Several years ago there was a trend for corporations, educational institutions, and individuals to upgrade their software every time a new version came out. It was like the “flavor of the month club,” where everyone seemed to want to upgrade to keep up with everyone else out there. With corporations it made more sense, as new software gave you two things: new features and compatibility with others using the newer applications and operating systems. For individuals this made less sense, but the competitive nature of most folks out there did cause a lot of software sales to occur, since you don’t want to be embarrassed by having outdated software. It is like new houses or cars – if your friends get them, you are sure to follow.
The changes in applications software were, more often than not, cosmetic in nature. If it looks cool, they will come. The operating system (OS) software changes were often quite drastic, with lots of new features being added to make the computer more functional. The problem was that the new features often added new bugs that had to be fixed by updates and sometimes new releases to keep customers happy and productive. Freeze ups and system crashes are not something you want – especially if you want to be productive.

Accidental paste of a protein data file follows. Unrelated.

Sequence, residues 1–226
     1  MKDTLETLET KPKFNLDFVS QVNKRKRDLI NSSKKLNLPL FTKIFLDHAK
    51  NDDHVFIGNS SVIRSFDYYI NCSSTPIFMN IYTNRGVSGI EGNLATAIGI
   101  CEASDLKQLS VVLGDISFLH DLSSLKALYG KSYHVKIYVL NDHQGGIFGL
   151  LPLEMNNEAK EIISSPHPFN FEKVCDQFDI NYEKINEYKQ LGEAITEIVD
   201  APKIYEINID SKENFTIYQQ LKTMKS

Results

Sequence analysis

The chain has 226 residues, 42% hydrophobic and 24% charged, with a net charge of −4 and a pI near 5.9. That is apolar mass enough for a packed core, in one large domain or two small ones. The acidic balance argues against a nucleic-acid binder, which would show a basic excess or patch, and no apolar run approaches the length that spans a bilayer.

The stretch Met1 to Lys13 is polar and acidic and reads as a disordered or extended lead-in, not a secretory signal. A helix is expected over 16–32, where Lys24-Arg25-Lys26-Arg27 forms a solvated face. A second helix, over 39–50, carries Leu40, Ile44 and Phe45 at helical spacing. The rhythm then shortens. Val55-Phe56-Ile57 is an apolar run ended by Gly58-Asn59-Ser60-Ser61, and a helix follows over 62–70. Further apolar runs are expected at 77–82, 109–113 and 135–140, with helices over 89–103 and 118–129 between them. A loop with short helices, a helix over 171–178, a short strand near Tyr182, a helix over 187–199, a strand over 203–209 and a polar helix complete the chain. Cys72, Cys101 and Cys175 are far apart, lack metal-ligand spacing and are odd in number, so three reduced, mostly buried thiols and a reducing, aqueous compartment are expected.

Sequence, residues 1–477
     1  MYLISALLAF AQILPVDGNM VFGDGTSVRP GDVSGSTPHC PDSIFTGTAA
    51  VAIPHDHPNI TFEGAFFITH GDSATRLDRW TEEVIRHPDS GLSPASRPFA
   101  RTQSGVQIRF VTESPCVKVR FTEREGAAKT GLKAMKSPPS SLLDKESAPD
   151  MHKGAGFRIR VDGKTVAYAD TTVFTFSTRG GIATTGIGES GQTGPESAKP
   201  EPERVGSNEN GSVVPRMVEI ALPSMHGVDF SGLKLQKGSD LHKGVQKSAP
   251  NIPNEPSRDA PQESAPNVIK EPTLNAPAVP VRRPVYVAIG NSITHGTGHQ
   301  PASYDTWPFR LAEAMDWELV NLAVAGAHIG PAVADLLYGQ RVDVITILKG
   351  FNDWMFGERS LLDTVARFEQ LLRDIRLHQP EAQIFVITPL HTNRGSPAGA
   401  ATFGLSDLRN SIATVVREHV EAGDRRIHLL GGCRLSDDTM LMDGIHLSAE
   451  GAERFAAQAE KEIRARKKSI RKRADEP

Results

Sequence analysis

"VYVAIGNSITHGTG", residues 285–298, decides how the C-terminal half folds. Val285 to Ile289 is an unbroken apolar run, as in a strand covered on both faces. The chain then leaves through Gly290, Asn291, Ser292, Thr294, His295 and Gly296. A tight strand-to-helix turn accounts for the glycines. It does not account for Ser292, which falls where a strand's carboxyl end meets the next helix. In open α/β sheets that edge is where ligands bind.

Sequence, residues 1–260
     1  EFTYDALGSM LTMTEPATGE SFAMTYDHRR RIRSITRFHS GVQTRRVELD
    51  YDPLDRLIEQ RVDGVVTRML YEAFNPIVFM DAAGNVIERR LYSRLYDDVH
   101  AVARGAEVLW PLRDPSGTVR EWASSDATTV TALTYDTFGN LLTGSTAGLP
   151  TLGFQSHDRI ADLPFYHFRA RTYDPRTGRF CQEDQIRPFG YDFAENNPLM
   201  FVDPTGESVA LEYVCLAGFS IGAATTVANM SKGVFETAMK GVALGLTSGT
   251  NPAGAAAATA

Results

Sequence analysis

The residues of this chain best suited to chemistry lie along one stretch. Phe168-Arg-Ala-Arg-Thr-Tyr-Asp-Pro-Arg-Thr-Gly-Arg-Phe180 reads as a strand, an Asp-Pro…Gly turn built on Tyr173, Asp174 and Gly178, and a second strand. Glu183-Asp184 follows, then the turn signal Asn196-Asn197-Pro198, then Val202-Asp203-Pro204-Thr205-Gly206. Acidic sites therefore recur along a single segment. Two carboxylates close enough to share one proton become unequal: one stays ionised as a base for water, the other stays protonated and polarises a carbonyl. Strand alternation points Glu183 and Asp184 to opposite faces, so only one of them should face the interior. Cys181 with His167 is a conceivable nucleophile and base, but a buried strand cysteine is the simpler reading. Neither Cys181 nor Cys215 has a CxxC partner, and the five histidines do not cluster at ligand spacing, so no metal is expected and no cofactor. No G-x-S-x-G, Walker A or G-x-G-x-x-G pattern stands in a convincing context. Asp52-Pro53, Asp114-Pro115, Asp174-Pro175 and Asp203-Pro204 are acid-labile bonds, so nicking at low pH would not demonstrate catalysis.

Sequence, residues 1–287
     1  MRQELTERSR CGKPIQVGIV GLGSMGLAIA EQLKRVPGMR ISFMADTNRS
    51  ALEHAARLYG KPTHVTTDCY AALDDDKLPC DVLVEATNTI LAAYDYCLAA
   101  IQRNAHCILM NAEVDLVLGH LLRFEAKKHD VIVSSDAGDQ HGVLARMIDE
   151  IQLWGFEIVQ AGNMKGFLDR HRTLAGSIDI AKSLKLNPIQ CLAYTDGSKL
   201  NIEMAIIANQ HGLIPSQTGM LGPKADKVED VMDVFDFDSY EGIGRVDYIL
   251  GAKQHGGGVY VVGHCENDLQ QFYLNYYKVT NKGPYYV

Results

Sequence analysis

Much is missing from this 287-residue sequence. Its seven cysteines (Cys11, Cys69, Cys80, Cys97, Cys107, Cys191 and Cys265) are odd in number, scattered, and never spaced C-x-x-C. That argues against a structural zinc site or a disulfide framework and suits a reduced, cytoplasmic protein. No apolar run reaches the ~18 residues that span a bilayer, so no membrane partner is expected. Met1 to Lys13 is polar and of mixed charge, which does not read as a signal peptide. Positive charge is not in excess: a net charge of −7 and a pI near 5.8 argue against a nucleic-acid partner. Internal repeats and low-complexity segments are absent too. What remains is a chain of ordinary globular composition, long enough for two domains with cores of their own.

With time we have become more used to doing online updates to our software, so new releases are a little slower in coming out. The thing is that I still see a LOT of folks that are upgrading their OSes long before they really need to. These folks have gotten into the habit of upgrading without first looking at the consequences. A new OS has a learning curve. It takes time to get familiar with the new settings and configuration changes to do what you need to do for daily work. If you aren’t going to gain anything with the upgrade except a pretty new interface, then why bother to upgrade?
The only times that you need to upgrade are:
1. When you purchase, or need to purchase a new piece of application software that doesn’t work under your old OS.
2. When you upgrade your hardware and must have the newer OS to use the new equipment properly.
3. When there is a migration to the new OS within your company, or within companies that you work with that will limit the working ability of those individuals that don’t have the new software. In other words, for compatibility issues.
If you follow these guidelines, you will find that you will see more productivity and better use of resources within your organization, home, or office. I hope this helps you in your decisions about buying new Operating Systems software. Have a Great Day!
Source by Brady Crabb